BWTUC experiences on ADB projects

BWI work organizing construction workers in an ADB-assisted railway rehabilitation project in Cambodia.  Conclusions:
•During negotiations and organising work it became obvious that there was not enough time or effort taken by the ADB, the government or the project engineer to adequately forecast and monitor labour costs or variances of these
•Very little latitude was allowed in the project and in financing workers’ costs not directly related to wages (e.g. accommodation, transportation, insurance, medical and annual leave, etc) which sometimes made negotiations difficult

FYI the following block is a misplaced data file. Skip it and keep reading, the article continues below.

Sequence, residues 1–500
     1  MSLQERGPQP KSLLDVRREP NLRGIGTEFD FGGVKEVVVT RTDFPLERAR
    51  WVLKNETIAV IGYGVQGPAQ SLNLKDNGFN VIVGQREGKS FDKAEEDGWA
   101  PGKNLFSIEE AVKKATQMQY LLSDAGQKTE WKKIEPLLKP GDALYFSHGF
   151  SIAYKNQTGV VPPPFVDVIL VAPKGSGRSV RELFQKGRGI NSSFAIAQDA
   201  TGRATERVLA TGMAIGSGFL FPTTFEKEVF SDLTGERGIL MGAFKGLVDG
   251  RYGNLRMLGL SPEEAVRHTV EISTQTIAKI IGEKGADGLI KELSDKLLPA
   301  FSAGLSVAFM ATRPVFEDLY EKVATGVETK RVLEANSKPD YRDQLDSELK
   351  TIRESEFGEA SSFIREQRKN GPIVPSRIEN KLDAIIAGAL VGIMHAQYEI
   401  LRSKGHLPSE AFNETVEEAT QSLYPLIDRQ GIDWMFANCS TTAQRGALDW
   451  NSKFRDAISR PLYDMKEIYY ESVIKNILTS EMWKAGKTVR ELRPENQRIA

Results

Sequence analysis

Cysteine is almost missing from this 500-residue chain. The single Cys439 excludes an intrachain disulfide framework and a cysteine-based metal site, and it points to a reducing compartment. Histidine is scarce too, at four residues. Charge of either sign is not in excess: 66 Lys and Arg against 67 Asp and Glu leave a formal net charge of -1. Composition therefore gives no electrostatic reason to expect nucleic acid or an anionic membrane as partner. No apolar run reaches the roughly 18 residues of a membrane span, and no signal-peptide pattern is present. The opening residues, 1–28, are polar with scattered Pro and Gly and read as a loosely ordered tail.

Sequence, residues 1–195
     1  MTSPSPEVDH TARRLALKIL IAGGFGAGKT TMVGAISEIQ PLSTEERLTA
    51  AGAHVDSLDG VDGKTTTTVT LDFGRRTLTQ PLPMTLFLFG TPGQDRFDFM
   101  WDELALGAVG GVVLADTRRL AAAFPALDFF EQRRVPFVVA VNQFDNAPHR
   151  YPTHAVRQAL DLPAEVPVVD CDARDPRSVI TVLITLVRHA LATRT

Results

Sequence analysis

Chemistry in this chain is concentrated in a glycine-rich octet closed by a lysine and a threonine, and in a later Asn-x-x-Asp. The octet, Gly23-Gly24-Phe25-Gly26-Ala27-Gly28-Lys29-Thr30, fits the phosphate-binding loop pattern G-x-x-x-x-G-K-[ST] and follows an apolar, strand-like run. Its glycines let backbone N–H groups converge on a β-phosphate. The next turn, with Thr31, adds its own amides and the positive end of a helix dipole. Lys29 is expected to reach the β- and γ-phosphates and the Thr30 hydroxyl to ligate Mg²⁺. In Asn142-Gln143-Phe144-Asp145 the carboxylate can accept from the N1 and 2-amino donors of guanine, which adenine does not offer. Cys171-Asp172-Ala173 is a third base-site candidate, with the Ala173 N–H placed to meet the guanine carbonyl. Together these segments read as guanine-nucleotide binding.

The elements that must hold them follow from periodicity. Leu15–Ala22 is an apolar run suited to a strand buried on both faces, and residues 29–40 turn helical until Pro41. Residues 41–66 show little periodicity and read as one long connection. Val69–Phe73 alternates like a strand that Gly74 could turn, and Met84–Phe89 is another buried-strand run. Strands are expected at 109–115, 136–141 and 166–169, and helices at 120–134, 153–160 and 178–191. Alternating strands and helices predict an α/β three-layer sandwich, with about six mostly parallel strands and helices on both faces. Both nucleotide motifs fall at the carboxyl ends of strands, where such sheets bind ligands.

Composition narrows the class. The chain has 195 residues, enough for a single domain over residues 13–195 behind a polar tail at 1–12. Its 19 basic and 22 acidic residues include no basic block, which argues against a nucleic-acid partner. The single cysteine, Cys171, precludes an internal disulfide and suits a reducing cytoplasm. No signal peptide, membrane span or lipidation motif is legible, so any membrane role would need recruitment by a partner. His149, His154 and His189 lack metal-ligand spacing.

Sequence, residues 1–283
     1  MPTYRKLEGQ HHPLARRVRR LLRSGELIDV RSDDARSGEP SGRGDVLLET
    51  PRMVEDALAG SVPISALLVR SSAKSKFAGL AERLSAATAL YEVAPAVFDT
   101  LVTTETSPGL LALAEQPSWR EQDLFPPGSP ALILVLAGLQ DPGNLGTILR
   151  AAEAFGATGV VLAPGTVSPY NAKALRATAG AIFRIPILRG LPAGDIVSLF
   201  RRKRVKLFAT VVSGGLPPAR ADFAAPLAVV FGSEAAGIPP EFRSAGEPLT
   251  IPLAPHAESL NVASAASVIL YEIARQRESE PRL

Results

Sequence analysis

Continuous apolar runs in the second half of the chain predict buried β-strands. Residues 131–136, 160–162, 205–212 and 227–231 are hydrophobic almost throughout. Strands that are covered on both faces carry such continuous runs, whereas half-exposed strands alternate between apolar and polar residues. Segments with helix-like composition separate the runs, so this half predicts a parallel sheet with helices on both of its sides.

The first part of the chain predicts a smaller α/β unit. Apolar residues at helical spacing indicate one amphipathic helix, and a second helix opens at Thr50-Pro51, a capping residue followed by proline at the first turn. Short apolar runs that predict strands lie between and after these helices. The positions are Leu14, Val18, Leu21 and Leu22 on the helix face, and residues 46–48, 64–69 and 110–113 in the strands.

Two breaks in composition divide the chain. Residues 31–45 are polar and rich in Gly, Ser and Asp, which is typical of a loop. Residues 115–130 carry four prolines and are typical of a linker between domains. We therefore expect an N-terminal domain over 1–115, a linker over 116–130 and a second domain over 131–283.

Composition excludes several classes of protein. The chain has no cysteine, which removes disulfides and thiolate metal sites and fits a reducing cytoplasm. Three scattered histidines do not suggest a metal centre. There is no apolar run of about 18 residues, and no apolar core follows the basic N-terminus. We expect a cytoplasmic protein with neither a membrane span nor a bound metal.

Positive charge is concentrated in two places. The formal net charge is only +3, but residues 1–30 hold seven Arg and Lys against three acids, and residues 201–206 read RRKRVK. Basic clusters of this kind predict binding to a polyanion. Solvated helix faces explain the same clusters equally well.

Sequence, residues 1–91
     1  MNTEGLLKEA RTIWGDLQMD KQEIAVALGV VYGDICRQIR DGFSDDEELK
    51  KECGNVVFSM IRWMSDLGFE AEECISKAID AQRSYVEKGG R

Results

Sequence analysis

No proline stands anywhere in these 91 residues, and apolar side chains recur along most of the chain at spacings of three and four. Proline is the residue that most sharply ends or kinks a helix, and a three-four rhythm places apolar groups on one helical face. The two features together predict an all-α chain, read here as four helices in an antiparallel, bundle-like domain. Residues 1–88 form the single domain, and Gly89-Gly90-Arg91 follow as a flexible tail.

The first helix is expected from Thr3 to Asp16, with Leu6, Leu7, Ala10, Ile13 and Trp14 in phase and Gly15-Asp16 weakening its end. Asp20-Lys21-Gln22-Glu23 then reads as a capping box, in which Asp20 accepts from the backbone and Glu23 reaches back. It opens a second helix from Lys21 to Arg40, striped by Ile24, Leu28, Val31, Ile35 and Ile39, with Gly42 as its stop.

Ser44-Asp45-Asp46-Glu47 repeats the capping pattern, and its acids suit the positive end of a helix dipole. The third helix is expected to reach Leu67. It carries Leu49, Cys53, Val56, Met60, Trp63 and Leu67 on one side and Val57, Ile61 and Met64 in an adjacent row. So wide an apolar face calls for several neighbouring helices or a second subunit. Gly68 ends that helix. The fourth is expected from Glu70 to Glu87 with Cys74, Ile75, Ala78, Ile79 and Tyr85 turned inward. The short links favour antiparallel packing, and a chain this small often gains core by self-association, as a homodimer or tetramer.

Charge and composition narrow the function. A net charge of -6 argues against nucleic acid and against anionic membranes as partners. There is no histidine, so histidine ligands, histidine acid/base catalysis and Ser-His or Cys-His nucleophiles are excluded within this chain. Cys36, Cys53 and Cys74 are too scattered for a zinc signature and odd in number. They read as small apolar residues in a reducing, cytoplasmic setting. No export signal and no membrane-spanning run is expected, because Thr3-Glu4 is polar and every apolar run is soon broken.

•ADB was unwilling to get more involved in the practical issues affecting project implementation, but they must take a stronger role in ensuring their projects adequately plan for the ADB’s procurement guidelines and subsequently implement them
•Stronger efforts and emphasis from the ADB is needed to make sure governments and contractors take workers’ rights seriously
(BWI, May 2012)

Van Thol railroad_bwi-3may2012.pdf945.9 KB